At first glance, he’s nothing more than some crusty old man with a cane and a Vicodin addiction. He’s bossy, crude, and has a perpetual five o’clock shadow. At the end of every episode, some seemingly incurable patient walks out of his ward with nothing more than an IV scar and a welt from a seizure to remind them of their stay. Dr. Gregory House, the protagonist/antagonist of the FOX medical mystery show “House,” employs an assortment of questionable practices to get results, but he does get results. Does the cure justify the course? This question has guided medicine for years and is currently delaying the implementation of what has come to be called “compassionate drug use”.
Compassionate drug use, formally known as “investigational drug use,” allows the administration of experimental drugs to terminally ill patients while forgoing the necessary clinical trials and the completion of FDA approval. Approved in 1987, the FDA’s Compassionate Drug program offers two options for eligible patients. First, a company that has made it to Phase III of the drug approval process, the stage at which a company must run clinical human trials, is given permission to create an Expanded Access Program (EAP) for patients who are not able to participate in the clinical trial. However, if an EAP isn’t available for a certain patient, the patient’s doctor can work with the drug company to ask the FDA for single patient access. These individual requests are usually processed within 24 hours.
According to Dr. Timothy Moynihan, an oncologist at the Mayo Clinic, there are several essential criteria to be considered for compassionate drug use. The disease in question must be fatal, rare, and have no known cure. Approved treatments for the disease must have failed to yield satisfactory results and the patient is not eligible for the clinical trials currently studying the experimental drug that might prove curative. From an institutional standpoint, the overseeing physician agrees that the patient has no other options and may benefit from an experimental treatment and the company that makes the experimental drug must agree to provide a sufficient dosage to the patient.
Essentially, in the most severe cases, doctors and drug companies have the capacity to remove the red tape and conduct a possibly life saving experiment. However, even this process has its hurdles. In most cases, the FDA requires the submission of an investigational new drug application in order to obtain a drug during its preclinical development. Even after the application process, the drug company has no obligation to comply with the request for their drug. Moreover, if the pharmaceutical company accepts the request, there may be a charge for the drug and it is unlikely that an insurance company will pay for any associated costs of the treatment.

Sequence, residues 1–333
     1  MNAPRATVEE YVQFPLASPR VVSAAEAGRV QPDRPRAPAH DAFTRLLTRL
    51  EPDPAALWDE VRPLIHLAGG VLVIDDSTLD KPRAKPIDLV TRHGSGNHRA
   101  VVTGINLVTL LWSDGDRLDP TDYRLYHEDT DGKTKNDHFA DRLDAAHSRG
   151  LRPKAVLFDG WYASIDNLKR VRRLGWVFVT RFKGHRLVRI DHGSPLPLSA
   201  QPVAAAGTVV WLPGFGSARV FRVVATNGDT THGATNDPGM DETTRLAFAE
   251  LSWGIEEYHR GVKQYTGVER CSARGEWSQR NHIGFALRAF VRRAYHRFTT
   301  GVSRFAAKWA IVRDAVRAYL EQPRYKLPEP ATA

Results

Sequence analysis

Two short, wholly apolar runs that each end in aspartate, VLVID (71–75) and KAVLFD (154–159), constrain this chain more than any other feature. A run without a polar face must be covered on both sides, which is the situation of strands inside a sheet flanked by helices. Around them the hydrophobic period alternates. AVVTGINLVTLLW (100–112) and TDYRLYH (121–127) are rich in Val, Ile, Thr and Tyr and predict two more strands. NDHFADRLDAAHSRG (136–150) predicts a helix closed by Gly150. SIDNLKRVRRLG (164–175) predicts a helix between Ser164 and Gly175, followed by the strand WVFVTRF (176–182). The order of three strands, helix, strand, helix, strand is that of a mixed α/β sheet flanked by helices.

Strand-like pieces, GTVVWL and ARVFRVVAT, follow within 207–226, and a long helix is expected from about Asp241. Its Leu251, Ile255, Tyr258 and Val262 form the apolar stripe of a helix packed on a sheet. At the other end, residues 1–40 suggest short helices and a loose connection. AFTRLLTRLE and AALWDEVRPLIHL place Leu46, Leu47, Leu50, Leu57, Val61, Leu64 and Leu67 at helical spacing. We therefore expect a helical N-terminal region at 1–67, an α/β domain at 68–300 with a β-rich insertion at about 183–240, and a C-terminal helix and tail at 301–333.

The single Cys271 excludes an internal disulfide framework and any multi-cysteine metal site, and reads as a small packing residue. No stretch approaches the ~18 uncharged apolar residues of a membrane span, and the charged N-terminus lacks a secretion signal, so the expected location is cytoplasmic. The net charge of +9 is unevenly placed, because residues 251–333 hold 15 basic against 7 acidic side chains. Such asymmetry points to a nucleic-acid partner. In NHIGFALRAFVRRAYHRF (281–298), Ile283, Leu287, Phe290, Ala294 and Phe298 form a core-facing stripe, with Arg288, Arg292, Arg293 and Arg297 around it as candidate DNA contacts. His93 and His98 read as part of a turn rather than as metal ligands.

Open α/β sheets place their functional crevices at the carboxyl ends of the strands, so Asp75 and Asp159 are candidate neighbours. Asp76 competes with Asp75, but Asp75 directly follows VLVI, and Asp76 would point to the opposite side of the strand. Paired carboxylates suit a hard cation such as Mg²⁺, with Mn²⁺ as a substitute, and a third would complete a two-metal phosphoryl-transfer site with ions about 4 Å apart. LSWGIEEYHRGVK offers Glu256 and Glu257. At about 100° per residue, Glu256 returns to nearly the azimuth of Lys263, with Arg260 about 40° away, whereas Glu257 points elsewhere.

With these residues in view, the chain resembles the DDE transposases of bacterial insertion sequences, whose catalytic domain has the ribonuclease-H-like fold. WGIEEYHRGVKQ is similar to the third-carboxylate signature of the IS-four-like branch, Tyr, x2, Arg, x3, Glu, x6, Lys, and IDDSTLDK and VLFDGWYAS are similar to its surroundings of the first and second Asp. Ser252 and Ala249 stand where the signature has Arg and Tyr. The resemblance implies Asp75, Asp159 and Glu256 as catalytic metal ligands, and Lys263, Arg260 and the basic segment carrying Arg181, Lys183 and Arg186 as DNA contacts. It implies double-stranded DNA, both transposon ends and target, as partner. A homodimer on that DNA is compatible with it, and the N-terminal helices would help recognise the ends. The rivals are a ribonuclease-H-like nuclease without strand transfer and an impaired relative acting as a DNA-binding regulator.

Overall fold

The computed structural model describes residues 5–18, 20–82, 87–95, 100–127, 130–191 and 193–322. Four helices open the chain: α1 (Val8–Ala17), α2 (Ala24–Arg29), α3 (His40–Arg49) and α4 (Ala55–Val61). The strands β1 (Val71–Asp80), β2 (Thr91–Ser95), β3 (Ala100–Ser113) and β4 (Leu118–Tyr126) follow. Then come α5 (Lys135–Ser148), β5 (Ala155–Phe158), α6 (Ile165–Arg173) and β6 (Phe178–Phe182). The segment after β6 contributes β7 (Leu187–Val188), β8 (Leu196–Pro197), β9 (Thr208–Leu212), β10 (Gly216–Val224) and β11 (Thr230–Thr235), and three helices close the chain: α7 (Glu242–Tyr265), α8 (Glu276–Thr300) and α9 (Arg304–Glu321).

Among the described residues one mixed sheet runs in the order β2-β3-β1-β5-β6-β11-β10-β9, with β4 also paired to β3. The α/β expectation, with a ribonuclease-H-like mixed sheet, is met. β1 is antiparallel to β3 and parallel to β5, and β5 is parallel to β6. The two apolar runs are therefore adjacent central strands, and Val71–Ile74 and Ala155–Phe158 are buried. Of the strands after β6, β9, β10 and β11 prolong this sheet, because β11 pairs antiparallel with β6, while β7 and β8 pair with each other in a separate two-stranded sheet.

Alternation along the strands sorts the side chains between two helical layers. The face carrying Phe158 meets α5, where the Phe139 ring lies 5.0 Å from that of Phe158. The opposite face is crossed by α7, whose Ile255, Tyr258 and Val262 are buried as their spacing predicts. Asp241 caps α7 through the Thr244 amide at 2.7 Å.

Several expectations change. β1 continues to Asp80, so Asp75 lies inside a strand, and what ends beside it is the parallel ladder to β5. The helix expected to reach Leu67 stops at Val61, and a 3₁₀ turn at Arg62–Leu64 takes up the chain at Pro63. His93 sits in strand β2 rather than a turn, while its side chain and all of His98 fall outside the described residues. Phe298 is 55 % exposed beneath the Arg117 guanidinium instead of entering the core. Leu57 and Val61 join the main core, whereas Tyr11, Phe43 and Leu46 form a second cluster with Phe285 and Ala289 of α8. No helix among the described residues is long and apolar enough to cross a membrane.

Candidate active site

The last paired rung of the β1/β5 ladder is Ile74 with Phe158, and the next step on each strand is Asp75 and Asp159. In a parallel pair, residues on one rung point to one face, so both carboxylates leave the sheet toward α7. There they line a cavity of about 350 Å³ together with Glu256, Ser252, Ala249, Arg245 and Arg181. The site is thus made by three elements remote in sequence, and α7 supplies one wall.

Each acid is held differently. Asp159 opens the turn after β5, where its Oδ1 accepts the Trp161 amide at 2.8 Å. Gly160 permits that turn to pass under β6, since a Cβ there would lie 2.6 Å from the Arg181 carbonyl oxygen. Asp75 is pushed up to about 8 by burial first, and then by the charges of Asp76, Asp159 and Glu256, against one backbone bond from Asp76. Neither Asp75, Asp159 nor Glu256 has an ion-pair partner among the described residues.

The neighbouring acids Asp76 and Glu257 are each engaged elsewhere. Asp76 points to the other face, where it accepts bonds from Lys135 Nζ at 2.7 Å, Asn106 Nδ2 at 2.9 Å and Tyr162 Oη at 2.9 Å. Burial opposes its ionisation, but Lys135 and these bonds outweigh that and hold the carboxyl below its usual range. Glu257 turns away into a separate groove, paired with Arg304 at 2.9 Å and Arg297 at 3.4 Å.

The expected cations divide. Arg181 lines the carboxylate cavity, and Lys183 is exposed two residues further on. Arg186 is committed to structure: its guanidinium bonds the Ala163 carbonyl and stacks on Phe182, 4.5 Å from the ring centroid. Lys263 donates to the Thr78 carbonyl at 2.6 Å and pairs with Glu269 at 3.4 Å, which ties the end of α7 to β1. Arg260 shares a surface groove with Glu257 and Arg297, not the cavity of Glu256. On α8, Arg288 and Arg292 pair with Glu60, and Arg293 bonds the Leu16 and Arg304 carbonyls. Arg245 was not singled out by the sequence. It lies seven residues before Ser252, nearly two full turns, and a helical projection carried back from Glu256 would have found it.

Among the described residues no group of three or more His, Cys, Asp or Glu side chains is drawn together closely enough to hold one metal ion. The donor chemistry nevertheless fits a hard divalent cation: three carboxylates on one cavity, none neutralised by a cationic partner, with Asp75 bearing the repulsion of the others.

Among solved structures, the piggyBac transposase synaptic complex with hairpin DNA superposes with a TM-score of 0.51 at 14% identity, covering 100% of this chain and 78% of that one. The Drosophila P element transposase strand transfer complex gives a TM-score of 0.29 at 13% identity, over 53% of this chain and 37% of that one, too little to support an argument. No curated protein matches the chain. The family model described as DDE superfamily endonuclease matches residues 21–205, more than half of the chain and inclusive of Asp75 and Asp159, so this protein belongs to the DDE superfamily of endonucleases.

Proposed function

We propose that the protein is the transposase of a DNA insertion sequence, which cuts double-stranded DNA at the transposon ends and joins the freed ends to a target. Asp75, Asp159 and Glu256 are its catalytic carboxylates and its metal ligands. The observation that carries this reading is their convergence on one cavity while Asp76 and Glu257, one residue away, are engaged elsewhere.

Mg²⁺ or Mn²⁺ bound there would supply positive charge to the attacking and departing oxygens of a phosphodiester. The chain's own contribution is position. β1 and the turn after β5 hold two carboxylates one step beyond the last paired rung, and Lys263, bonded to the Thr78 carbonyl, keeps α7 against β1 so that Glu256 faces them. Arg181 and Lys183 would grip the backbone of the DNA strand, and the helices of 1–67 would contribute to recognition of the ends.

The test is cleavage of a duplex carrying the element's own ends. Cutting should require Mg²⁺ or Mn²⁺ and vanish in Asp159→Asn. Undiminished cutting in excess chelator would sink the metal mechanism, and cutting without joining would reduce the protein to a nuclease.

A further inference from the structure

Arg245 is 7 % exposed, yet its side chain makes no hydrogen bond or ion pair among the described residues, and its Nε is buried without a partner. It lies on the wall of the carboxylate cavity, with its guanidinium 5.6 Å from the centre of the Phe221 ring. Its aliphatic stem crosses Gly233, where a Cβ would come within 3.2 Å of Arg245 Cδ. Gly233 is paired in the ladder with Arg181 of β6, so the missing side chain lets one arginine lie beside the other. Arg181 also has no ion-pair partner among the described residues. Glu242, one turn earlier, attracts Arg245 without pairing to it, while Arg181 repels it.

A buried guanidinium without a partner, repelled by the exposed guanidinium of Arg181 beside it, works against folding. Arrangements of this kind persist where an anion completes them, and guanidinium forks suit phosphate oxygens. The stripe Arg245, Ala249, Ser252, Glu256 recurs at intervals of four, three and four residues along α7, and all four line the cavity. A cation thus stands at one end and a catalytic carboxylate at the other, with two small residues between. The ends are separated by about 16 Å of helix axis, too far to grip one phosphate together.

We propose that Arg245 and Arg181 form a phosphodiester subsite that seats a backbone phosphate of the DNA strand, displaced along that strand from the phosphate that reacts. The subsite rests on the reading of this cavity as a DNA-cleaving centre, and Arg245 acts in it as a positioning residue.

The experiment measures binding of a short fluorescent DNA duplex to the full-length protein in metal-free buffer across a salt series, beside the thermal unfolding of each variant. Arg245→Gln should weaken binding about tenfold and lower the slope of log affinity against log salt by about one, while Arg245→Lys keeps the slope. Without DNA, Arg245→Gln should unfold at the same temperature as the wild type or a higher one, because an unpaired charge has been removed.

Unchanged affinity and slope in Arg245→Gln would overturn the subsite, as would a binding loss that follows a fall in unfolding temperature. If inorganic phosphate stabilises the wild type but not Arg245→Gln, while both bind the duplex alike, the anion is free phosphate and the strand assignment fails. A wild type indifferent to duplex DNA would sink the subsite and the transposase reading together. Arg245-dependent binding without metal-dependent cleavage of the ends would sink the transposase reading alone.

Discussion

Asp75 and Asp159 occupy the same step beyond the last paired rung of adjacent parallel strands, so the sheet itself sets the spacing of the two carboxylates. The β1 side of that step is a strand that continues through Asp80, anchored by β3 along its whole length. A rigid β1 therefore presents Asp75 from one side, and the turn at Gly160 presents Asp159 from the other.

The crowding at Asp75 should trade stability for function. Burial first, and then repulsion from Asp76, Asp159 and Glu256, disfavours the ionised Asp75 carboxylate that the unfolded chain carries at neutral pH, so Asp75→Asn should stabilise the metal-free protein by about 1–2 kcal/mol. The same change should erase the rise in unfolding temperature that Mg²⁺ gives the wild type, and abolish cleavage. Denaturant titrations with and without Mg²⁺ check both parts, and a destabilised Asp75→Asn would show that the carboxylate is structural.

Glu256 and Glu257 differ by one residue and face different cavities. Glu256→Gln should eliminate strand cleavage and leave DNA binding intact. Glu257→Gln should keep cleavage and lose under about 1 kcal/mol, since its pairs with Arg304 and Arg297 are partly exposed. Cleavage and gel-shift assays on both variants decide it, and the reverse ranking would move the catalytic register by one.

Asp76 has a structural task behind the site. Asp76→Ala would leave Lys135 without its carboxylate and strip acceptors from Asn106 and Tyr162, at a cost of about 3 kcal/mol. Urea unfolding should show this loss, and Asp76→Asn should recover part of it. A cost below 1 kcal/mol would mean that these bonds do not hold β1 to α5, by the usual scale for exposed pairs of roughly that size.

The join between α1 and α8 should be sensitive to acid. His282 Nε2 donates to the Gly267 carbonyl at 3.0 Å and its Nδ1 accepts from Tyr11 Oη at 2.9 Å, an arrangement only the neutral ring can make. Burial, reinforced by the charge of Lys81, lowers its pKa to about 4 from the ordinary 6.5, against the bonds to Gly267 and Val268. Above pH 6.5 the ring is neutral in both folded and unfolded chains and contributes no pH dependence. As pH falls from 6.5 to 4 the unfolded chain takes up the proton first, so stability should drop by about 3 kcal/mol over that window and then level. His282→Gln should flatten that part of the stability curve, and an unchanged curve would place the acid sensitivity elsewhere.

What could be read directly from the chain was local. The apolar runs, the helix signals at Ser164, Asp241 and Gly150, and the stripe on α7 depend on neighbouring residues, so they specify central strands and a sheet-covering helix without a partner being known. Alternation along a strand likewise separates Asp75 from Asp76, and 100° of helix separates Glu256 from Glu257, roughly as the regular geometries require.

The greatest risk and argument against compassionate drug use lies in the inability to predict the efficacy and side effects of treatment. There is no way to know how an individual patient will react to the experimental drug, much less whether the drug will cure or kill the patient.
In the episode “Detox,” Dr. House is called in for a diagnosis after a patient’s girlfriend wrecks her father’s Porsche because the sight of the patient’s blood in the passenger seat distracts her. At some point before the patient’s belabored diagnosis of Napthalene poisoning, Dr. House responds to one Dr. Lisa Cuddy saying “I take risks, sometimes patients die, but not taking risks causes more patients to die—so I guess my biggest problem is I’ve been cursed with the ability to do the math.” Is it really a curse to pursue whatever means necessary for the wellbeing of a patient?
In a case where compassionate drug use is a possibility, the patient has the right to do with his body as he pleases. The primary doctor and other medical professionals can give their educated recommendations, but ultimately it is up to the patient to choose. If there is even the slightest chance that an experimental medicine could prevent a futilely prolonged hospital stay and eventual death, then it is the patient’s prerogative to choose to pursue a risky treatment in spite of whatever unforeseeable hazards may exist.
Upon graduating from medical school, nearly every prospective medical professional takes the Hippocratic Oath, a promise made unto all future patients to foster proper practices. In the modern translation of the ancient Greek text, those taking the oath swear to “…apply, for the benefit of the sick, all measures [that] are required.” Maybe Dr. House isn’t all that great at sticking to the rules, but at least he got one thing right.
Parker Collins is a sophomore Environmental Engineering major in Trumbull College and a Distribution Director for the YJML.